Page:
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The Role of Professional Credentials in the Job Market

Not all professional credentials are created equal. Credentials are vital to professionals seeking to change careers or advance within their own. But the extent of credential value and use varies from one industry to the next, so it is important to understand exactly how a professional designation/ credential can best serve your career aspirations.

Many professional credentials are awarded after rigorous exams and verified experience—some may require degreed standing as well. They attest to the knowledge and expertise of the credential holder. Many designations are highly regarded and valued within the profession they serve. However, you cannot expect a designation after your name to help if you want to transition to a field outside of the one for which the credential serves. The proper credentials can make it easier to climb the corporate ladder with your current employer or help push open doors a little wider to those professions that may lie on the periphery of your functional expertise.

When I worked as a geologist/geophysicist from 1980-1985 with Phillips Petroleum, part of my unofficial responsibilities was to also serve as the division’s editor for all technical papers being forwarded to journals or conferences. I was also part of the first group of geologists to become certified on Intergraph digital workstations that were used for oil and gas exploration mapping.

The week-long class paid off when I got laid off from my last oil company job in 1986. Nine months later I got a job as a technical writer/editor for a company that developed geological mapping software—for use on Intergraph digital workstations and other large computers. You can see the peripheral relationship between the two jobs/careers that the certification helped bridge. That résumé at the time focused more on my technical and computer skills than my geology/ geophysics skills and experience because those where the skills that had the best chance of being transferred to a tangential field.

And that is the key to using certifications or licenses when changing careers. Imagine that your functional expertise is a large circle, and all the ancillary skills, knowledge, and expertise (called core competencies) are smaller circles overlapping all around the edge of the larger circle (Figure 1). Some circles have a larger overlap than others, depending on the strength of the expertise in those peripheral areas. Career changes are easiest to manage when the transition is from an existing functional expertise to one of the overlapping core competencies. In time, that core competency becomes the new functional expertise. Many credentials can be very beneficial for such related career transitions.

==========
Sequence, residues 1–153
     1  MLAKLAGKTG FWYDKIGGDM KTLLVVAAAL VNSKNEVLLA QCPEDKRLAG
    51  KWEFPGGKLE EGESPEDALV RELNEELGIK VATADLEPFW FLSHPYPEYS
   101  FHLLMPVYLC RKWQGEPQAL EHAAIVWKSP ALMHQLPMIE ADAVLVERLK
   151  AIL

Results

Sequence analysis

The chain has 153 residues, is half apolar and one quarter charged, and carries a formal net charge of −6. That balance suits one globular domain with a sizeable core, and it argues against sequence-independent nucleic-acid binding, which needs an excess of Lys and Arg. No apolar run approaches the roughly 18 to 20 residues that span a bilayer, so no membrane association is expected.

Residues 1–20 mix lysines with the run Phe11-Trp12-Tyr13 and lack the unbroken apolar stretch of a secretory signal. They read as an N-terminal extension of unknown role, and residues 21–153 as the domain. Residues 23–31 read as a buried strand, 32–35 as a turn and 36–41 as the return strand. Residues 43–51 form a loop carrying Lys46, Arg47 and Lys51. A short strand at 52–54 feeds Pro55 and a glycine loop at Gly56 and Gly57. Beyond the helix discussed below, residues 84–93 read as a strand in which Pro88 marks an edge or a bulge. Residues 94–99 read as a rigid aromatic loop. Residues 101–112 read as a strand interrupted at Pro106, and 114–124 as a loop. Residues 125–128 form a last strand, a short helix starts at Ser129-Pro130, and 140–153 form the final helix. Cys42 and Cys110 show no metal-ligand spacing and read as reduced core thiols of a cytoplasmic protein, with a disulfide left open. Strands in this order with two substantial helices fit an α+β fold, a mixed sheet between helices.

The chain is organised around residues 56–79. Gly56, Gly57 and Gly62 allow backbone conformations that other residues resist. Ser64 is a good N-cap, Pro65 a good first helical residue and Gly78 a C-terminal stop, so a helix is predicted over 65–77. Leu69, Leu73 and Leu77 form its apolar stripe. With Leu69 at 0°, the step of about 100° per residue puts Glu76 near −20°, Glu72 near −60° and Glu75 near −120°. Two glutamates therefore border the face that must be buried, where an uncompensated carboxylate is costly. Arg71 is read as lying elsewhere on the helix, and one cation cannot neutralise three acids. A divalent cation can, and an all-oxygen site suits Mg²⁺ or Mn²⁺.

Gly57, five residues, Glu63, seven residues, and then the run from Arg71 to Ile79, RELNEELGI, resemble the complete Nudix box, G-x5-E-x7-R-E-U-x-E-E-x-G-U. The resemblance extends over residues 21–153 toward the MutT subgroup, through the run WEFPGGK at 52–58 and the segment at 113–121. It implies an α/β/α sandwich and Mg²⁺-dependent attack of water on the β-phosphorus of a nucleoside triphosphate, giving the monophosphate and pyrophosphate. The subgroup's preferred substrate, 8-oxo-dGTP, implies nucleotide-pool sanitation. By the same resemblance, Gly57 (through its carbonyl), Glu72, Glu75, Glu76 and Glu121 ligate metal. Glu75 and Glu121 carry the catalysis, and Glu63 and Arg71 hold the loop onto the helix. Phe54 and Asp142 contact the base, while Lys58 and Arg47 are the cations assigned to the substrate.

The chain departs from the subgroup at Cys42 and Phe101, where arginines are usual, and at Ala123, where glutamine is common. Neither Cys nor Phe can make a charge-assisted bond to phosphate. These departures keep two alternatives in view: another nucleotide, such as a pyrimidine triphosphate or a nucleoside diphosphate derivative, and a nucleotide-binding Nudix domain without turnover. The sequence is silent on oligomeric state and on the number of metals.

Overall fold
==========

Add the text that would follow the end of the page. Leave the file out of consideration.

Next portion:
functional expertise

Career changes are far more difficult when trying to move from one functional expertise to another—jumping from one large circle to another that has very little or no overlap. Usually, such career changes involve additional education (college degrees, other certifications and licenses, etc.) not to mention some experience in that field. Be mindful that many recent college graduates (RCGs) are entering the workforce already armed with bleeding-edge knowledge and the latest skills. With mid-career changers and college graduates competing for the same positions, lower compensation requirements for RCGs will in many instances drive the decision as to who gets hired.

When Credentials Attack

There is such a thing as having too many credentials. While the proper mix of professional designations and recognized credentials can enhance your career potential, too many of them signals to hiring managers that perhaps you are a “credential chaser” (seeking even more additional three-letter acronyms after your name) who prefers the image over the substance and purpose of credentials. Too much of a good thing can be detrimental to your job or career strategy, so here are some brief tips to help ensure you avoid this trap:

  1. Purge all outdated, irrelevant certifications and designations from your résumé and signature block. Those non-valid certifications scream, “my skills are outdated and I only rarely update my résumé.”

  2. If you have many valid and relevant professional designations, select just the ones that best support your expertise for the position(s) to which you are applying.

  3. Hiring managers are most interested in only those certifications and licenses you actually possess, and not all the coursework you took along the way or what you hope to complete in the near future. In some instances, candidates use this approach to disguise the fact that they may not have the requisite educational requirements. Hiring managers are wise to this ploy.

  4. If you work in the public sector and have a long list of certifications or designations obtained through government training and testing, keep them in a separate document that can be used as part of your documentation portfolio. Place just those certifications that are relevant to the position on your résumé.

A Final Word

I wrote in Confessions of a Hiring Manager Rev. 2.0 (Second Edition) that the most recent recession has created another “time of parenthesis” as John Naisbitt called the 1980s in Megatrends. The education system must respond by preparing individuals to help shepherd business and technology processes in mature and emerging economies over the coming decade. Online colleges, business and trade schools, community colleges, and certifying organizations must step up to meet the demand for qualified professionals to address the challenges and opportunities the world economy will face. Ensure that the credentials you pursue are highly respected, convey trust, integrity, and expertise for all who possess it, and confidence for all who call upon it when needed.

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